Iceland Soil Standards

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This past week I was able to use a small sample of the aDNA samples to take an IR profile of Icelandic soil. I was really excited to see a small peak in the part of the spectra we have been focusing on for characterizing organic content. Using the calibration curves we have developed, we were able to calculate that the soil has around 24% organic composition. That is on the higher side of what we would except to see for Icelandic soil, but makes sense given the location of the archeological site.

The next steps will be to run the same standards with the DLP Nano. The Nano covers a much shorter wavelength portion of the IR spectrum, the near-IR. We will not be able to observe the same peaks we can see with the FTIR, but hopefully we will identify others, and can ‘stitch together’ the near and mid regions. One day it would be nice to develop a cheap, arduino-controlled visible light spectra so we can cover the whole visible-to-mid IR region of the EM spectrum. I’ve looked into the design of the vis spec and I think we could do it with a sony barcode scanner and a few lenses. Dreams for the future!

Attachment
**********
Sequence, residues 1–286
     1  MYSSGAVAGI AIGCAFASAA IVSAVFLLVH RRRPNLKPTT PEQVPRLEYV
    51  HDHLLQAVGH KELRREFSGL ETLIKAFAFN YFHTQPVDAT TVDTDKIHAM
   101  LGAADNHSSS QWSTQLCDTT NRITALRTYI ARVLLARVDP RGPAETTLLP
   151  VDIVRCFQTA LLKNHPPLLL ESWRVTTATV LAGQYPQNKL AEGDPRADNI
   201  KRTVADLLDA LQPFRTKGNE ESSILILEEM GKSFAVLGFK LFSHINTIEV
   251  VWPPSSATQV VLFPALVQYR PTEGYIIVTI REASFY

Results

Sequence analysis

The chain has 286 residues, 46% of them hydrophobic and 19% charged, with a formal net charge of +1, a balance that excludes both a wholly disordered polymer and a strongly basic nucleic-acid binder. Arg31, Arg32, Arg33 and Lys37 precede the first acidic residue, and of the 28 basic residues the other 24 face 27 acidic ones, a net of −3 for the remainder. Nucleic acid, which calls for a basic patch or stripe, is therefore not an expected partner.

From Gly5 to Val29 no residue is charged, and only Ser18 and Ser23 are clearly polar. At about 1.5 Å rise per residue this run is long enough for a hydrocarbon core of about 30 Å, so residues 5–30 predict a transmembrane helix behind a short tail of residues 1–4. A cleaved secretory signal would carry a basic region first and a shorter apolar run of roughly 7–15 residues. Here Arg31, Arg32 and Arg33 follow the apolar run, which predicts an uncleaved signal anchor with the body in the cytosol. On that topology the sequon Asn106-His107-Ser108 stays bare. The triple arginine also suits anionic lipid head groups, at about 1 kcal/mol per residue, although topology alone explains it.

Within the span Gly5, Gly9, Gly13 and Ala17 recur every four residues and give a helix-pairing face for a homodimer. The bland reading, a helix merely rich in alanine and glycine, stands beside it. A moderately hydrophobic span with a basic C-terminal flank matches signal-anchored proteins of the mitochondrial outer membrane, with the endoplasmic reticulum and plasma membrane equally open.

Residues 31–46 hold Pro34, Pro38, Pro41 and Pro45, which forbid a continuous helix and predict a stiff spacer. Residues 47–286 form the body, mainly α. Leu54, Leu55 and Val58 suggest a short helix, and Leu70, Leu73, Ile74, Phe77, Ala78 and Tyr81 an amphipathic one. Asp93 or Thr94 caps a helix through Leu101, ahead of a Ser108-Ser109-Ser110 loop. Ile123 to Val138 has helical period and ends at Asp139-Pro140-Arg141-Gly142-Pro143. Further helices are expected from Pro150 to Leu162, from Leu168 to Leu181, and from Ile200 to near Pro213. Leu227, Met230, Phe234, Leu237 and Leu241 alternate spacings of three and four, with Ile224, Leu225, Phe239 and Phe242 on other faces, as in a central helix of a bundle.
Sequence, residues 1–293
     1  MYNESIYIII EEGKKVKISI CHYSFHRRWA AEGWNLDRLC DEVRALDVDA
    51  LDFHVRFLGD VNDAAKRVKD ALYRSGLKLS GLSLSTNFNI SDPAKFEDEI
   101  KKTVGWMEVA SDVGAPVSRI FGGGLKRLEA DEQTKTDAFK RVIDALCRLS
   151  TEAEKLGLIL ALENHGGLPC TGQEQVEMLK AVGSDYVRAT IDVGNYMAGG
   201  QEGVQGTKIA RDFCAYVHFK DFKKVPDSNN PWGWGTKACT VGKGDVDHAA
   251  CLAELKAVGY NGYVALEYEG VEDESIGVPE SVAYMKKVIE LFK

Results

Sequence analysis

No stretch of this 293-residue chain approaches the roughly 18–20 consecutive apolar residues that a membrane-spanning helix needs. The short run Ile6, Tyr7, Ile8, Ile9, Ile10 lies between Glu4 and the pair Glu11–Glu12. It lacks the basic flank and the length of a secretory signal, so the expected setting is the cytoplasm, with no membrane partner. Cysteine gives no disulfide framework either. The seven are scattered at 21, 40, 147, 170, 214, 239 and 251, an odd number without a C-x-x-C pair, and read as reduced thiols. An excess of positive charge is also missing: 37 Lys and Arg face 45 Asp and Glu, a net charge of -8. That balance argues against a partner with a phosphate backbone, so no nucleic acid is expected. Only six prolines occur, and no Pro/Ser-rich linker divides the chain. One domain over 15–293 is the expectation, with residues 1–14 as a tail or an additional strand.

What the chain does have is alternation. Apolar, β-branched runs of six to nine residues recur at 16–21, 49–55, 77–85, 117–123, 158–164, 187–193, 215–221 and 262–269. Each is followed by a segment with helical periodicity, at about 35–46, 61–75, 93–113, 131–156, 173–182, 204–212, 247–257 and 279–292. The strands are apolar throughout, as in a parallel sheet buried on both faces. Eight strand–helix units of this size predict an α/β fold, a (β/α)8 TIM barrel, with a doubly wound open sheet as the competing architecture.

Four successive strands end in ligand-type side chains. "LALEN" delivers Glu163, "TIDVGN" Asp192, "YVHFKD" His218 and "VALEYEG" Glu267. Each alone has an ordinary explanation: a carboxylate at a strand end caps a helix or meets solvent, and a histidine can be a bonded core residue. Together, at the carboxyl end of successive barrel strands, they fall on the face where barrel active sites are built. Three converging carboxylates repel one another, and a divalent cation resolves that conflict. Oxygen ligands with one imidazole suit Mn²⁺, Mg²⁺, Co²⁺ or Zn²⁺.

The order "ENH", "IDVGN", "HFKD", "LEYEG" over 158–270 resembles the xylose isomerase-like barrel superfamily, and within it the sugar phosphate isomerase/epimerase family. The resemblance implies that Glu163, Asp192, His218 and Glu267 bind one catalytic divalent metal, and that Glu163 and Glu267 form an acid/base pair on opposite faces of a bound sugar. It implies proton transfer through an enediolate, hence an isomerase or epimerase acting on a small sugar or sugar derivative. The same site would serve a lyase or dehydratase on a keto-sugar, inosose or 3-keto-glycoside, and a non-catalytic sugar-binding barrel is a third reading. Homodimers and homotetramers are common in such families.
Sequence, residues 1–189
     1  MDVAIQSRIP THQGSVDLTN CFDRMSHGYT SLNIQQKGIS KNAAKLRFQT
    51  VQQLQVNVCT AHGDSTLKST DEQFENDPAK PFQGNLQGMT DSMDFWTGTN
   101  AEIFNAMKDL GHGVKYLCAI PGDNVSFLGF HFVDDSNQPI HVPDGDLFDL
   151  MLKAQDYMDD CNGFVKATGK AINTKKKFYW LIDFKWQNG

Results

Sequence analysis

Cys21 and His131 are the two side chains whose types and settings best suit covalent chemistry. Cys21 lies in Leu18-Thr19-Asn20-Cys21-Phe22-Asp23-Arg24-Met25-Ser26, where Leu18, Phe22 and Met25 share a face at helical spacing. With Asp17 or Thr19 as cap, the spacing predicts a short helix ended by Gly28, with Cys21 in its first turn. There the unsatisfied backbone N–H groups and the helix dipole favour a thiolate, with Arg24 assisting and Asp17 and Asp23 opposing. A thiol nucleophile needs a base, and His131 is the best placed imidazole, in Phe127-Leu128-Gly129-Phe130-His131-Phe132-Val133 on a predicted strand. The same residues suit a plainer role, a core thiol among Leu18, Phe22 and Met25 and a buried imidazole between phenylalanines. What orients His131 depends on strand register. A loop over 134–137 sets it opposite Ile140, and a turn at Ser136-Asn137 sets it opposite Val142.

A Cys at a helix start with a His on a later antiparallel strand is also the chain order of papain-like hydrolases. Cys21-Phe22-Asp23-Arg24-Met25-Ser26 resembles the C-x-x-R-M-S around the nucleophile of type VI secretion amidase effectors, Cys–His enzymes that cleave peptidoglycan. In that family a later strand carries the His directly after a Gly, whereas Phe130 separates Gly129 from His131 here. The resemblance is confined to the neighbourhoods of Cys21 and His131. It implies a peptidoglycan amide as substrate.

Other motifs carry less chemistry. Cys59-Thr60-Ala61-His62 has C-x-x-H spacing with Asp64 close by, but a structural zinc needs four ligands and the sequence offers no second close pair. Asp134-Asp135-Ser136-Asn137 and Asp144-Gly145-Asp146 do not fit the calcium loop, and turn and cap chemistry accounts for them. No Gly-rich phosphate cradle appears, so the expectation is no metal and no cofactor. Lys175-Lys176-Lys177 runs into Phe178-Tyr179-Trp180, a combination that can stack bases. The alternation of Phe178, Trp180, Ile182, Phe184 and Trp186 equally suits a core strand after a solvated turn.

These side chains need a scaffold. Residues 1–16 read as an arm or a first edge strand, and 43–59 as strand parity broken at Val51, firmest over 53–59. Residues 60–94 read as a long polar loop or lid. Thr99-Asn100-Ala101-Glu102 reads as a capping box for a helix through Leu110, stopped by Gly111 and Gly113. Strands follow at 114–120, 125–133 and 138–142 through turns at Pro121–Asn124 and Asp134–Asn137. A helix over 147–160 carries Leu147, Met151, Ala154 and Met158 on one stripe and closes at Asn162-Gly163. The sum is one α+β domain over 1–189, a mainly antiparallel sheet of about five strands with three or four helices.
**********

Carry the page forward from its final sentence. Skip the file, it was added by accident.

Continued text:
I haven’t had much time to physically work on the soil platforms in the last week,┬ábut I have worked out some more of the conceptual kinks around the workflow. I feel really confident that we can do everything we want to do in terms of collecting soil metadata, now it’s just a matter of putting all the pieces together.

One piece that has just been added to the picture is using CO2 measurements as a proxy for microbial life. This would be particularly useful for the glacial forefield (a prime site for dna extractions in the future). I will be reaching out to Chris Smith for advice about how to maintain the samples while CO2 is measured.

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